Insulin sensitivity has been quantified by i.v. insulin tolerance test (0.1 U/kg of body weight) in 18 (11 male/7 female) non-obese (body mass index range 19-25 kg/m2) normoglycaemic subjects. We then compared the tyrosine kinase activity and internalization of insulin receptor in monocytes from the six most insulin-sensitive (group 1) and the six most insulin-resistant (group 3) subjects. Tyrosine kinase activity was measured on immunopurified receptors using P-32-ATP and poly-glutamic acid 4: tyrosine 1, sodium salt (poly-glu-tyr 4:1). Insulin internalization was studied by incubating cells with 1 nmol/l I-125-insulin and measuring total cell-bound and intracellular I-125-insulin by an acid dissociation procedure. Basal (in the absence of insulin) receptor kinase activity was similar in both groups. Maximal (in the presence of 100 nmol/l insulin) kinase activity was 41% lower in group 3 (13.8 +/- 3.6 fmoles P-32-ATP incorporated vs 23.3 +/- 4.0, p = 0.1). Delta increment of receptor kinase activity after insulin stimulation (calculated by subtracting basal from maximal activity) was significantly (p < 0.05) reduced in group 3 (21.3 +/- 3.8 vs 11.1 +/- 2.1) and significantly (p < 0.05) correlated to the in vivo insulin sensitivity. Both total cell-bound (0.70 +/- 0.09% of total radioactivity added vs 0.83 +/- 0.15) and intracellular (0.39 +/- 0.05 vs 0.44 +/- 0.09) I-125-insulin were similar in the two groups. These data suggest that in non-obese, normoglycaemic subjects a defective insulin receptor tyrosine kinase activity may contribute to the development of insulin resistance. This raises the possibility that the reduced receptor kinase activity observed in Type 2 (non-insulin-dependent) diabetic patients may be independent from the diabetes and may in fact precede the appearance of the disease.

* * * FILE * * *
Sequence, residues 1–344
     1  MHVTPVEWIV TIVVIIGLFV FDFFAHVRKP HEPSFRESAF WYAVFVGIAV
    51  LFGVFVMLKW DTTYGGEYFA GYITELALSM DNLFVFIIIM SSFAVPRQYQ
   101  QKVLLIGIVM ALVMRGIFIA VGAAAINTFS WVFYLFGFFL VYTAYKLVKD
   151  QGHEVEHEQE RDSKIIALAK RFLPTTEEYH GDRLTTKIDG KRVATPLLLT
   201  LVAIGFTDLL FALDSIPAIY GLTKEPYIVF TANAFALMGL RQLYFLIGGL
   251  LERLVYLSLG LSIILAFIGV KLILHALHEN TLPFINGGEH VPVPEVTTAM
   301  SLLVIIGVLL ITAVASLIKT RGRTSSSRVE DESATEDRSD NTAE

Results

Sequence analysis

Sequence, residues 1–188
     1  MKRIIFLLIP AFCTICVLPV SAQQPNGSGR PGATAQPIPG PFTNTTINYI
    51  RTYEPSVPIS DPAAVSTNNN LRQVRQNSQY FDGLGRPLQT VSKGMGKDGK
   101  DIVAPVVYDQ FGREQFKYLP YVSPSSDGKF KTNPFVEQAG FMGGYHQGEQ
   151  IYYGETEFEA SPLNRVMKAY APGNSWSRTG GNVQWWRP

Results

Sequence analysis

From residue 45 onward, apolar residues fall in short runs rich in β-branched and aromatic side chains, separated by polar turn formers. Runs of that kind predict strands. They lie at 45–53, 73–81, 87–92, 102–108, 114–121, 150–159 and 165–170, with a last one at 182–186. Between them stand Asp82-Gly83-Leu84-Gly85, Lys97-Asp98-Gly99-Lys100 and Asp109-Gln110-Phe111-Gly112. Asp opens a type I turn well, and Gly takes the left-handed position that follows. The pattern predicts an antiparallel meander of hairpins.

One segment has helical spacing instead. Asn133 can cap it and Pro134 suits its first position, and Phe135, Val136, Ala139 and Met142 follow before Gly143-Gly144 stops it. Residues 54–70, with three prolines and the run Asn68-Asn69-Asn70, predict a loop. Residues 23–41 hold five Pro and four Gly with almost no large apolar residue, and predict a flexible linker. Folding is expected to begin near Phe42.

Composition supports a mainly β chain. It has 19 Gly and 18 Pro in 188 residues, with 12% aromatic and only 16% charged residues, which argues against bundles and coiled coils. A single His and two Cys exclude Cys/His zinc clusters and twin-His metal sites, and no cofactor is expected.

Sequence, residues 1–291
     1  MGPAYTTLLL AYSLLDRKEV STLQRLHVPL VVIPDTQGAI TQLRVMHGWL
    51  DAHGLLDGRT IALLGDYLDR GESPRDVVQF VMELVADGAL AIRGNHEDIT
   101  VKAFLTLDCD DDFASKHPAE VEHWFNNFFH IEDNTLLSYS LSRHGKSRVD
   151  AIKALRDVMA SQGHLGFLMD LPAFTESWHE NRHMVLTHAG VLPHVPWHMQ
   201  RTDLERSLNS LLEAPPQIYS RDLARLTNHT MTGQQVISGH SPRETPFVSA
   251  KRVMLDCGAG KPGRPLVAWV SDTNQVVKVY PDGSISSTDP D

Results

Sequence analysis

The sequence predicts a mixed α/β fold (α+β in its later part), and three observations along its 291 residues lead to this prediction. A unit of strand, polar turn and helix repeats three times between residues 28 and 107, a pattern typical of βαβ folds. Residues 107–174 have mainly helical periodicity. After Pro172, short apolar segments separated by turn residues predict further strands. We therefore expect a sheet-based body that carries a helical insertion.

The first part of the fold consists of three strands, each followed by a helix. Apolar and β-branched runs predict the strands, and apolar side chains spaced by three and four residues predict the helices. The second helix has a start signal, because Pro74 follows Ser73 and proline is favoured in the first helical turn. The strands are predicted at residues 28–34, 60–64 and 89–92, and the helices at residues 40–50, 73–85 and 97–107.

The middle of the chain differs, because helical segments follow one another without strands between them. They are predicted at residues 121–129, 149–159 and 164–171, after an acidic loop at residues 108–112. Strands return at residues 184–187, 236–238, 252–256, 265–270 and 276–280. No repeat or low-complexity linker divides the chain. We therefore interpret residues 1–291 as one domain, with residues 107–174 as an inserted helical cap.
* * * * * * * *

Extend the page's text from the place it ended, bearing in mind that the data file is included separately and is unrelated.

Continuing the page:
|Titolo:||INSULIN-RECEPTOR TYROSINE KINASE-ACTIVITY IS REDUCED IN MONOCYTES FROM NONOBESE NORMOGLYCEMIC INSULIN-RESISTANT SUBJECTS|
|Data di pubblicazione:||1993|
|Appare nelle tipologie:||1.1 Articolo in rivista|